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A (very) early morning on Lake Waukewan

Reporter's first fishing expedition in the Lakes Region proves a success

Fishing guide Chuck Kenney (left) and I show off two of the fish I reeled in during last week’s trip to Lake Waukewan. Rick Forge - Courtesy Photo. (click for larger version)
July 11, 2011
MEREDITH – I rolled over in bed and looked at my clock. 5:30 a.m.

Time to go.

It was a couple months ago that Moultonboro Academy girls' basketball coach Chuck Kenney and I talked about the possibility of going fishing for a series of stories. So just last week, Kenney, who guides trips for Meredith Bay Guide Service (www.cwkenney.com), and I made plans to fish Lake Waukewan in Meredith. Add in Gilford High School girls' hoop coach and fellow long-time guide Rick Forge (www.rickforge.com), and I was guaranteed to learn more about fishing than I ever had before.

That wouldn't be hard, however. See, my fishing experience isn't what you would call extensive. As I rolled in to Waukewan, I decided to let my two mentors know exactly what they were dealing with.

"So before we get going, you've got pretty much a beginner on your hands," I told them before we hoped on Kenney's 20-foot boat. "I'd say I've gone fishing only about a dozen times and not in the last five years. And I've never actually caught a fish before in my life."

Now that I had that off my chest, Kenney offered some encouraging words for my angling future.

"Well that's gonna change today," he said.

Did I mention it was still just 6 a.m. when we hit the water? The last thing in the world I can be confused with is a morning person, and my work schedule varies almost daily, meaning my sleep schedule is not very reliable. But if you want to catch fish, bright and early is the right time to do it.

It doesn't take long for me to reel in my first-ever fish however, as trolling with downriggers leads to a nibble about 10 minutes on the water. After some initial reeling awkwardness, I bring a small rainbow trout into Kenney's net.

"Nice fish," says Forge, although he's probably just pumping me up for the day ahead.

With my first fish secured, they start coming in fast and furious. All told, 17 fish would be caught (I reeled in 15, Forge took care of the other two), consisting of 12 rainbows and five bass. We landed two additional fish, but I may or may not have been guilty of losing them. One of the two was quite a big fish, with Forge estimating it as a 20-incher. That one hurt a little bit.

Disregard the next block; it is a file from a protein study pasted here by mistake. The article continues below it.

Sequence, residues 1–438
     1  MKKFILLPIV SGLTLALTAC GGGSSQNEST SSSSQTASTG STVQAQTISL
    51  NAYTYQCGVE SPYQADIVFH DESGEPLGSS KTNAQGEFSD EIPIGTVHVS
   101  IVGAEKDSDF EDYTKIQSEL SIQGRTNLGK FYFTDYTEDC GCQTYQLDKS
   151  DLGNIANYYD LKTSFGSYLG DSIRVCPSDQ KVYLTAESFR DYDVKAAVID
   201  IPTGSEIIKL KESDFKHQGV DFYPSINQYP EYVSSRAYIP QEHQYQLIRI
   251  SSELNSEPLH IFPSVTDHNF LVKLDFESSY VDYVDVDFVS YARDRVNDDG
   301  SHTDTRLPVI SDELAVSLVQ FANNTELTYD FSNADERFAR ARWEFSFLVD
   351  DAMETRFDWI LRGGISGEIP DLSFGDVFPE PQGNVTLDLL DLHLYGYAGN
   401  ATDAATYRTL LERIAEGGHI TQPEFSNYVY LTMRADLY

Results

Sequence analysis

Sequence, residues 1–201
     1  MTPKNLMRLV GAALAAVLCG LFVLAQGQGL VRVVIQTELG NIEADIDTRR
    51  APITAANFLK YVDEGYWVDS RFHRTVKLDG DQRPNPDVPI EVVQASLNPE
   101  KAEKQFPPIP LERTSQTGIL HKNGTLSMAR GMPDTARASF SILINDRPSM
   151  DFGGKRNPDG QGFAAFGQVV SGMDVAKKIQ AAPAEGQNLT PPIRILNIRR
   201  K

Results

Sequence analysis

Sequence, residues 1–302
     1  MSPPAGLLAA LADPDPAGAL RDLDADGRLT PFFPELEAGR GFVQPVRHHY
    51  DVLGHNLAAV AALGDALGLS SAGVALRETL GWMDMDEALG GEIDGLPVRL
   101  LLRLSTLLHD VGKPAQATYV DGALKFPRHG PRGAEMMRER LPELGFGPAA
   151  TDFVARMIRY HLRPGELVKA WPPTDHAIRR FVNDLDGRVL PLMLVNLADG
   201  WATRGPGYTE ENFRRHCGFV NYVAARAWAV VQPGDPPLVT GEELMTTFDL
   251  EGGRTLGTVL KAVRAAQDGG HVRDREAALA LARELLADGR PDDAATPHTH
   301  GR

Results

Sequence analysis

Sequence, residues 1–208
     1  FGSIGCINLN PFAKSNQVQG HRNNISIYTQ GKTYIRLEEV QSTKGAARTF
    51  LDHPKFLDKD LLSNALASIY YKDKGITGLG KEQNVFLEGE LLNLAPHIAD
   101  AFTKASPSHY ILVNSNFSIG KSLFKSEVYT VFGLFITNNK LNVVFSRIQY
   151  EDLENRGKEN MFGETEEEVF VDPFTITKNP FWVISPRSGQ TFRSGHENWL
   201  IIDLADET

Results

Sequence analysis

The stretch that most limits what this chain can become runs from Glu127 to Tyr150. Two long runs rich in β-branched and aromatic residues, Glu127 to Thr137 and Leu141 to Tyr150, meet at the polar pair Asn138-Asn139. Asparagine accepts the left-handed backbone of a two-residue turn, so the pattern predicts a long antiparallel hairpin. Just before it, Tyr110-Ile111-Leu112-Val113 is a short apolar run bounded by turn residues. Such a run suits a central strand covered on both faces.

We did get a glimpse of an eagle at one point, and he took full advantage of the fishing taking place below him. Just after I released one of my rainbows into the water, the eagle quickly snatched it up, attempting to carry it away.

There were hardly any boats out on Waukewan that morning, as temperatures were relatively mild on an overcast day. The sun did poke through the clouds at a few points, but my sunglasses weren't put to use all that often.

Being the inexperienced angler that I am, I spent much of the morning asking questions. I'm sure most of the questions weren't very bright, but I have little shame in asking them regardless (reporter instinct). Kenney and Forge were happy to oblige, regaling me with all sorts of fishing stories from their pasts in the process. Perhaps the biggest thing I took away was our use of 'the brown owl,' proving to be our secret weapon for snagging fish. Forge contributed that little guy to the cause and it was one of our most successful lures. We also counted an orange and black DB Smelt lure as a successful piece of hardware, purchased at A.J.'s Bait and Tackle in Meredith, home to where my fishing license was purchased just the day before.

With the fishing community consisting of many superstitious people, Forge clued me into one piece of information that I hadn't noticed until the end of our trip at 9 a.m.

"See how the downriggers are set at odd number depths," he explained while motioning towards the back of the boat. "And that we had 19 fish on? And that we landed 17? All odd numbers."

Okay, okay, I'll buy into that one just a little bit. But I had two cups of coffee. Does that mean if I had a third, my haul of fish would have increased even more? Those are the burning questions that bounced around my head as we rode back into shore.

But the morning absolutely flew by, something I wouldn't expect from any activity taking place at 6 a.m. For my first time fishing in half a decade, I'd say it was a resounding success. It'll prove to be a tough act to follow, as 'The Three Musketeers,' which I'm nicknaming us without their knowledge or approval, will take to the water again this week. Next week's story on my first time fly fishing will likely serve as a comical entry, as I can't even imagine what will happen when I step foot into the waters up north. Luckily I'll have the two experienced anglers watching my every move, making sure I don't float away into the abyss.

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